HUNTINGTON – Circuit Judge Paul T. Farrell denied a petition for temporary restraining order in a lawsuit against Marshall University Board of Governors after the petitioner claimed it made an illegal decision to expel him.
Joseph Chase Hardin filed the petition for temporary restraining order on Sept. 7 and a memorandum of law in opposition to that petition was filed on Sept. 12. On Sept. 14, a hearing was held. That same day, a response was filed by the petitioner.
The court ruled that the petitioner, while he will no doubt suffer harm because of his ban from face-to-face classes until his criminal case is resolved, the harm is not irreparable. The university represented that if he is acquitted of the charges, his scholarships and financial aid would remain in place.
“Moreover, while online classes alone will not be sufficient to complete his degree, he may take some classes via that medium and may also pursue some courses as a visiting student at other institutions. Alternately, he may complete his studies at the university upon a positive resolution of the criminal charges against him,” the order states.
The court ruled that granting of the requested TRP against the university could cause irreparable harm to its students since the petitioner has been charged with a serious sexual crime.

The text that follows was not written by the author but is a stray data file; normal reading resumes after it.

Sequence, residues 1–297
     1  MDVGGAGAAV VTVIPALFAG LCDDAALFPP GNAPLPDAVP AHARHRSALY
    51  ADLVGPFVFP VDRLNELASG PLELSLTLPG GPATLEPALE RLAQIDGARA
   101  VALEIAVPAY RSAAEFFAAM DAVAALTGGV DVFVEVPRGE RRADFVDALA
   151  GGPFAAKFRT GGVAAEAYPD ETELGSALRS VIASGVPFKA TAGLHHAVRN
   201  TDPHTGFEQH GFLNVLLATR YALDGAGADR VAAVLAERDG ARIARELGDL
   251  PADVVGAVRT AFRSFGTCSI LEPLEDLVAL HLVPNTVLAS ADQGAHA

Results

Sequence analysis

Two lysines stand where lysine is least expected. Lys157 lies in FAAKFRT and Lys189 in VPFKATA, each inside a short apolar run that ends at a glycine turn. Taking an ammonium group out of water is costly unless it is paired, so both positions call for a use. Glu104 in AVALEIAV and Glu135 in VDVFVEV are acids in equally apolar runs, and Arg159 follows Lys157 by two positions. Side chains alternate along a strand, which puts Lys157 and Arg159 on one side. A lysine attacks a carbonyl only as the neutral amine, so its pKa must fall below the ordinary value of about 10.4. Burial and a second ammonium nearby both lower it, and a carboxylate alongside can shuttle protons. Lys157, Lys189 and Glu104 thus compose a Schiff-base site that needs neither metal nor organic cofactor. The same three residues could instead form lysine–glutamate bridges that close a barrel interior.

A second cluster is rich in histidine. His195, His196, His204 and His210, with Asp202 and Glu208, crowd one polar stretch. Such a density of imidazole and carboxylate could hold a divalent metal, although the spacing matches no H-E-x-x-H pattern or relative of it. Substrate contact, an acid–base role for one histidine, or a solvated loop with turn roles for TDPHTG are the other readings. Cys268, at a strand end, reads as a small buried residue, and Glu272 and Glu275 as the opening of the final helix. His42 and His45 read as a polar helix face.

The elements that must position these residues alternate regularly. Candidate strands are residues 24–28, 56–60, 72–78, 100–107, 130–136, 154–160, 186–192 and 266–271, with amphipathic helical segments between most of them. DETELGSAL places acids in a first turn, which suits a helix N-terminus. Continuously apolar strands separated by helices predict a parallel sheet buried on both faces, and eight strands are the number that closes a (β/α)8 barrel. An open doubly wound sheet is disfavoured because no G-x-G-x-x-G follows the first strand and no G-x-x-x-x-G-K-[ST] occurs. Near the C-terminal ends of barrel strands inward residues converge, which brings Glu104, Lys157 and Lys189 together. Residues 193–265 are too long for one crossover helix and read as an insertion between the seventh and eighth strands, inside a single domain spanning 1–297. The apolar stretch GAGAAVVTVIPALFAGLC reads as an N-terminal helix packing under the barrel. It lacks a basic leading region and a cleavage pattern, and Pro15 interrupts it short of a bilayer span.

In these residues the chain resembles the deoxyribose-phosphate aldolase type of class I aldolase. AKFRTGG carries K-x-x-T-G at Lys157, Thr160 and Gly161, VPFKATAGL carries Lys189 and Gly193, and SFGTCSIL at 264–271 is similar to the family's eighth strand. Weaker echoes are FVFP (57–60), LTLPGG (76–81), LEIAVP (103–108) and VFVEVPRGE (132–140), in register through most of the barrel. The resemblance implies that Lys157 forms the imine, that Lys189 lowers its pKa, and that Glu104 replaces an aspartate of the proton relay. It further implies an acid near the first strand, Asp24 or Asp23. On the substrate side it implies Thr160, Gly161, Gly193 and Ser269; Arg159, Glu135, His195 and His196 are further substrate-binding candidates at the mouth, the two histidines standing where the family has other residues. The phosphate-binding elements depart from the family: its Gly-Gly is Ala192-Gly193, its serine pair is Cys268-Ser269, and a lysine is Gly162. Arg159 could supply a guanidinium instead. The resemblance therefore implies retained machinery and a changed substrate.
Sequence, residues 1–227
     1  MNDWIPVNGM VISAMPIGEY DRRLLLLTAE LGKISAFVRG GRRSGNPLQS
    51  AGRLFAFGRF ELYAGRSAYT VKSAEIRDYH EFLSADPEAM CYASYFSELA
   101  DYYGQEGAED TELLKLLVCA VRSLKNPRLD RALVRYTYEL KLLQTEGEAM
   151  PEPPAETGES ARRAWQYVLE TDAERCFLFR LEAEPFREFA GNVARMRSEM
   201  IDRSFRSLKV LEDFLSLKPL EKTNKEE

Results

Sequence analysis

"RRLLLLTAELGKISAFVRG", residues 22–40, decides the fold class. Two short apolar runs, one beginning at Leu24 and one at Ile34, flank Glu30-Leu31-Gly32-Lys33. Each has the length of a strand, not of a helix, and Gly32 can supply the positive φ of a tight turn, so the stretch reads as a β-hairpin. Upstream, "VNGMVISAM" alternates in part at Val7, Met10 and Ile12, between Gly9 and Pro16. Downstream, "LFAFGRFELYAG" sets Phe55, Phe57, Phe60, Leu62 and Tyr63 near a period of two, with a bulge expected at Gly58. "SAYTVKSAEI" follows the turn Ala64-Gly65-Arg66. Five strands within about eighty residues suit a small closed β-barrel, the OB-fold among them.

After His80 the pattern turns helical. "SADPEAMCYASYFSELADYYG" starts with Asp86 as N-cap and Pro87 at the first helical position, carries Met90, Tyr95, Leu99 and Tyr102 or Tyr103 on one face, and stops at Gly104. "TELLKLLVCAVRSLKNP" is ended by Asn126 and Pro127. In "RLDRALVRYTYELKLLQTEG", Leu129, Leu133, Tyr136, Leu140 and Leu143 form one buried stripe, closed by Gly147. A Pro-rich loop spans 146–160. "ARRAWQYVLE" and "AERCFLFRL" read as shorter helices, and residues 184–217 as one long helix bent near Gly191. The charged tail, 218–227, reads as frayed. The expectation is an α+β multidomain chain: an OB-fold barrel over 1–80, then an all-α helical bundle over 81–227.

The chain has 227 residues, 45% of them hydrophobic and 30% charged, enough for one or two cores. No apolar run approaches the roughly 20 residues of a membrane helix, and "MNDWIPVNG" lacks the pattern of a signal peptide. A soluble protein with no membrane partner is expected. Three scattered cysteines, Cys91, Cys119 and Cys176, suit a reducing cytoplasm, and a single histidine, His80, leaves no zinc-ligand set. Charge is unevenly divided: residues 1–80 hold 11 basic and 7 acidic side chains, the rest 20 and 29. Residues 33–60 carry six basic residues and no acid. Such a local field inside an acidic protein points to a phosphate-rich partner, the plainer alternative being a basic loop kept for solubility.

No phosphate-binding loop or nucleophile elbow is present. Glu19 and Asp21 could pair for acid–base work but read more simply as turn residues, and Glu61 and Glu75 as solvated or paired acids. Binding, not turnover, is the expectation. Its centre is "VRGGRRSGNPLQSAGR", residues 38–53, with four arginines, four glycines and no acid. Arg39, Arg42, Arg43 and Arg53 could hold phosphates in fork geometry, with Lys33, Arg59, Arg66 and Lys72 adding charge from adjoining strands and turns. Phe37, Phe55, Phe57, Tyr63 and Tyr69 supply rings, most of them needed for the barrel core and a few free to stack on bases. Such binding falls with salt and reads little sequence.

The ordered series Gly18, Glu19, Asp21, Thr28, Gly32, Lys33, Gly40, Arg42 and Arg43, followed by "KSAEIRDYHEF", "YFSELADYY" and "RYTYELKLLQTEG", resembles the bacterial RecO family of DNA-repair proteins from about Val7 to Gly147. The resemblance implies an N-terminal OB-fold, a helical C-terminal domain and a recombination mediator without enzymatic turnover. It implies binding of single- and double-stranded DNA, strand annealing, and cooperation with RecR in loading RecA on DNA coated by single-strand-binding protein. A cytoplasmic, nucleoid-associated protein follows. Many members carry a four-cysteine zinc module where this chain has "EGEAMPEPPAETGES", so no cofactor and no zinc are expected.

“The university’s paramount responsibility and concern is to ensure the safety of its students,” the order states. “The university’s decision to physically exclude a student under indictment for a sexually violent crime was appropriate, though this court will reiterate that the method for reaching such conclusion reasonably caused the petitioner indignation.”
The lawsuit was filed against the Board of Governors, Jerome Gilbert, Carla Lapelle, Lisa Martin and Debra Hart on Sept. 7 in Cabell Circuit Court.
On Feb. 1, a fellow student accused Hardin of having sex with her without her consent and he was ultimately absolved from the allegations after a hearing was conducted where evidence was presented to a panel chosen by the university.
Hardin claims after he was exonerated, Lapelle, the dean of student affairs, decided to review the decision based upon the “recent flurry of social media,” and unilaterally determined that the Conduct Hearing Board’s decision was not warranted.
That very same day, the interim dean overturned the CHB’s decision and Gilbert, the president of the university, ratified Lapelle’s decision and banned Hardin from the university, according to the suit.
Hardin claims no intent to appeal form was filed by the university or any of its representatives prior to the reversal of the decision and, despite the violation of his due process rights, he chose to appeal the illegal decision.
The plaintiff is suffering irreparable harm by being prohibited from attending the classes in which he has already enrolled and begun attending, according to the suit.
Hardin claims the improper expulsion will result on the loss of numerous scholarships he was awarded and the loss of the investment in books, supplies and a parking pass, among other things necessary for the continuance of his education.
Hardin is seeking a temporary restraining order prohibiting the university from enforcing its decision to expel him. He is being represented by Elizabeth Gardner Estep and J. Anthony Spenia of Estep & Spenia PLLC.
Cabell Circuit Court case number: 16-C-577